Postconflict Monetary Reconstruction
(World Bank, 2008-01-30) Adam, Christopher ; Collier, Paul ; Davies, Victor A.B.
During civil wars governments typically resort to inflation to raise revenue. A model of this phenomenon is presented, estimated, and applied to the choices and constraints faced during the postconflict period. The results show that far from there being a fiscal peace dividend, postconflict governments tend to face even more pressing needs after than during war. As a result, in the absence of postconflict aid, inflation increases sharply, frustrating a more general monetary recovery. Aid decisively transforms the path of monetary variables in the postconflict period, enabling the economy to regain peacetime characteristics. Postconflict aid thus achieves a monetary "reconstruction" analogous to its more evident role in infrastructure.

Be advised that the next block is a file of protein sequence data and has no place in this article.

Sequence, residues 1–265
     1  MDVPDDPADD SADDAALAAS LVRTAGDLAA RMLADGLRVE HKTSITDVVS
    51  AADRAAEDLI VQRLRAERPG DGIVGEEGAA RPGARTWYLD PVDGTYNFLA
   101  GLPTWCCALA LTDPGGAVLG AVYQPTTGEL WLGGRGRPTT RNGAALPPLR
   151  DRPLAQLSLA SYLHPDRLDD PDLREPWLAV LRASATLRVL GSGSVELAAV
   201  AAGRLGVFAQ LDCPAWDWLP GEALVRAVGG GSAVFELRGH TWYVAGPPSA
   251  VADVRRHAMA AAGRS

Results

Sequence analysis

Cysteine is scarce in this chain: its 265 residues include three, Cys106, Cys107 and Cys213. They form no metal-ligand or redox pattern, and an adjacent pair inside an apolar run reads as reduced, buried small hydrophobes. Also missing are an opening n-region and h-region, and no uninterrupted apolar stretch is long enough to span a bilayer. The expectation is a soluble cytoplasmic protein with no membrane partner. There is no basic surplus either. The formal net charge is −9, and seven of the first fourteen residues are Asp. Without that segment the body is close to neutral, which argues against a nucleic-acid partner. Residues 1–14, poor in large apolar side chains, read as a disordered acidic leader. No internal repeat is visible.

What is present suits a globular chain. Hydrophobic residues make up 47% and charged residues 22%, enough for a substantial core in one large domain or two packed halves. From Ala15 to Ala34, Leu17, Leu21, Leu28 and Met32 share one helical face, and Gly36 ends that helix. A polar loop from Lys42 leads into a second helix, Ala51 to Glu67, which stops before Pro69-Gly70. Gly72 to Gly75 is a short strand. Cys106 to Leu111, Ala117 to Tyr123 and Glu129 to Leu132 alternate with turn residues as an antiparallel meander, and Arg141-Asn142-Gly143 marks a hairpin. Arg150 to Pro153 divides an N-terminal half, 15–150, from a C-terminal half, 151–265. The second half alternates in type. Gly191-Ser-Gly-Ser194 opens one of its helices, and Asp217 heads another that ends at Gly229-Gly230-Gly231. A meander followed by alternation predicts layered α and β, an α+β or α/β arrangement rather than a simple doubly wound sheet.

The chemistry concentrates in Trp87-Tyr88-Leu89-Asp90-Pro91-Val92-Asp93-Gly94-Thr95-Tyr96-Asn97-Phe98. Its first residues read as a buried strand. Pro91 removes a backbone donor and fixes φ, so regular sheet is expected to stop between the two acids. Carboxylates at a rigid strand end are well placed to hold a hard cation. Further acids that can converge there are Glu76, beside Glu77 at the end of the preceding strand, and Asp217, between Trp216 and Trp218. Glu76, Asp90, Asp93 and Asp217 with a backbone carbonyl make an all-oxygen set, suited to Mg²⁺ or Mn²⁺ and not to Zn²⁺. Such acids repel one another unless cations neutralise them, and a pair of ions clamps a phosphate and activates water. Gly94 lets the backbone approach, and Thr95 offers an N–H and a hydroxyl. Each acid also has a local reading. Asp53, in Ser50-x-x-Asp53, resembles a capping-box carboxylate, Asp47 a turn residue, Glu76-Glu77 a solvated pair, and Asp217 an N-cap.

Insurgency and Credible Commitment in Autocracies and Democracies
(World Bank, 2008-01-30) Keefer, Philip
The inability of political actors to make credible promises to broad segments of society—a previously unexplored determinant of civil war—causes both elected and unelected governments to pursue public policies that leave citizens worse off and more prone to revolt. Noncredible political actors are also less able to build counterinsurgency capacity. Popular dissatisfaction with rulers reduces the costs to counterinsurgents of overthrowing regimes, discouraging rulers from building counterinsurgency capacity in the first place; lack of credibility prevents rulers from writing contracts with counterinsurgents that maximize counterinsurgency effort. Empirical tests across numerous subsamples using various measures of political credibility support the conclusion that broad political credibility ranks at least as high as social fractionalization and natural resource rents as a cause of conflict.